The state's school report card, a grade based on standardized test scores, was released this week and revealed that four more Merced County schools are making the grade this year.
In total, 17 schools achieved the statewide Academic Performance Index goal, which is a set score of 800, according to the California Department of Education (CDE).
Schools that are new to the state's "800 club" are Thomas Olaeta Elementary School in Atwater; Schendel Elementary School in Delhi; John Muir Elementary School and Cruickshank Middle School in Merced.
Sandi Hamilton, principal of John Muir, said she couldn't be happier for this achievement.
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The school scored 806, a 36-point leap from its spring 2009 score of 769.
Ninety percent of the school's population is considered low-income because they qualify for free and reduced cost lunches, and this group of students has historically had a harder time becoming proficient in math and English, Hamilton said.
"For a school like ours, it's a heavy thing for our school to do," she said.
API, which is based on the test results and the progress from year to year on standardized tests taken by students in second through 12th grade, is based on a 200- to 1,000-point scale.
API scores serve as the main accountability measure for the state, and the goal set by the state is for all schools to reach 800.
The school with the highest score in the county is McSwain Elementary School at 871.
Other schools that had major jumps in their API were Merced High School, Shaffer Elementary School in Atwater, Le Grand High School, Westside Elementary in Los Banos and Joe Stefani Elementary School in Merced.
Merced High improved its score by 47 points to 779, the highest API out of all the schools in the Merced Union High School District.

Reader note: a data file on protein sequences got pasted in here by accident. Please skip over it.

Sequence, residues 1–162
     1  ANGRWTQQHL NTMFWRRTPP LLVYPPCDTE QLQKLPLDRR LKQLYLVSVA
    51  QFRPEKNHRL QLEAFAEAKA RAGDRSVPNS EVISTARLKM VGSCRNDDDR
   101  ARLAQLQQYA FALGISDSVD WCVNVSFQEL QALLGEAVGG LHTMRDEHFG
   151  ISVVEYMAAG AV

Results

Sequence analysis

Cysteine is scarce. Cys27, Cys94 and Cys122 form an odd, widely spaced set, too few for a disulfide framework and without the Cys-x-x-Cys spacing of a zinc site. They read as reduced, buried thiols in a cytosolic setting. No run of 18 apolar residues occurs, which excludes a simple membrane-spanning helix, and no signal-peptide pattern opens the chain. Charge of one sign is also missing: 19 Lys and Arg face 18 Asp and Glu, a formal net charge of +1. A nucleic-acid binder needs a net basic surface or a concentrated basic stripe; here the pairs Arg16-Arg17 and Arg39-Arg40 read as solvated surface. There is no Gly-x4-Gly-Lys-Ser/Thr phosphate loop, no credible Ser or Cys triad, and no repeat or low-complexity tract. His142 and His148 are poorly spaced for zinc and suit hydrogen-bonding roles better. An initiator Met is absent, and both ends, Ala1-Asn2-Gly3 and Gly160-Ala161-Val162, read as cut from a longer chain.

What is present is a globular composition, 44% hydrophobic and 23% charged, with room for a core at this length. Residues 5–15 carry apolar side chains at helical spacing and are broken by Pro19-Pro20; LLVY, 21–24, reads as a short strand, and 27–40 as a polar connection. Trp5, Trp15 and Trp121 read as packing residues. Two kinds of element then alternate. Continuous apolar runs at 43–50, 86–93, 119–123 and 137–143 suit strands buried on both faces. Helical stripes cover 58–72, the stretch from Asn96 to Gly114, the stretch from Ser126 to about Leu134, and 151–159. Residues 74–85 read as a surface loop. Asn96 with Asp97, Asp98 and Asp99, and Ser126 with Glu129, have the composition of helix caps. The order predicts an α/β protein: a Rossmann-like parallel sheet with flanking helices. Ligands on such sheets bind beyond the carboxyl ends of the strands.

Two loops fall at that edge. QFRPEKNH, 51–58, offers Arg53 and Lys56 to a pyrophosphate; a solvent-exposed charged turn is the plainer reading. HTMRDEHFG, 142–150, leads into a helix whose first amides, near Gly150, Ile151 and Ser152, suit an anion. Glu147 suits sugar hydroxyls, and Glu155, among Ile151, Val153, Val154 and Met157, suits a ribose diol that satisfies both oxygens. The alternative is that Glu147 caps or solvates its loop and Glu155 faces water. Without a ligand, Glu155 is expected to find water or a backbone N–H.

"A 47-point (improvement) is something surreal, but it's not enough," said Anthony Johnson, associate principal of Merced High School. "There are still students who need help, so we are still trying to improve our program."
Joe Stefani School improved its score by 69 points to 784.
"We're only 16 points away from our 800 goal," said Connie Hadley, the school's principal. "We expect to make 800 next year and we will look closely at the data and determine an educational plan for every student."
Nineteen schools declined in their test scores, according to CDE data.
The biggest decrease was Cressy Elementary School, which fell 13 points to 707.
Although Merced County made strides in reaching that 800 mark, the county still struggled making the federal standards of school improvement, referred to as the Adequate Yearly Progress (AYP).
Out of more than 70 schools, 16 schools made AYP.
AYP is a moving target set by No Child Left Behind legislation. It states that a certain percentage of students must be proficient in math and English-language arts each year.
In 2002, that percentage was 13 percent. This year, that target was set at 56 percent in English-language arts and 58 percent in math. Next year, 68 percent of students need to be proficient in both subjects.
Lee Andersen, county superintendent of schools, said the federal mandate is becoming difficult to meet.
"The federal measurement is becoming more and more impossible to pass," he said. "There are few schools that meet that. By 2014, there will be no schools to pass AYP, which shows that the system needs to be modified to reflect reality."
Schools are required to have 100 percent proficiency by 2014, according to No Child Left Behind.
When a school doesn't meet federal standards for two years in a row, it's slotted for "program improvement."
John Muir had been in program improvement for eight years until this year when students finally met AYP, an achievement that few schools in the state have met, Hamilton said.
The school made AYP in 2005, but failed to do so in 2006, Hamilton added.
More than 50 schools in Merced County have been in program improvement for at least a year.
Schools and districts in program improvement must submit detailed plans to improve student performance and offer parents the option of transferring their students.
Schools and districts in the sixth year of program improvement must begin writing plans to overhaul the existing structures in the schools. This can include plans to re-open as a charter school, replace all or most of the staff or allow state takeover.
John Muir has been through this process for a number of years, but next year marks the first year it won't.
Reporter Jamie Oppenheim can be reached at (209) 385-2407 or firstname.lastname@example.org.